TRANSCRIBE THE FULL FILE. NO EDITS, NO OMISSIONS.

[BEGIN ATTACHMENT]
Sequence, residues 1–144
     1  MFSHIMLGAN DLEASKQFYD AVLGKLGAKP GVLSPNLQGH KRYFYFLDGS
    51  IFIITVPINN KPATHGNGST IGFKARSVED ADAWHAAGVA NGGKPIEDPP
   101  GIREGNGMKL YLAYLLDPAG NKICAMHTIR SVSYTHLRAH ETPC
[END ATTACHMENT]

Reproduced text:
Sequence, residues 1–144
     1  MFSHIMLGAN DLEASKQFYD AVLGKLGAKP GVLSPNLQGH KRYFYFLDGS
    51  IFIITVPINN KPATHGNGST IGFKARSVED ADAWHAAGVA NGGKPIEDPP
   101  GIREGNGMKL YLAYLLDPAG NKICAMHTIR SVSYTHLRAH ETPC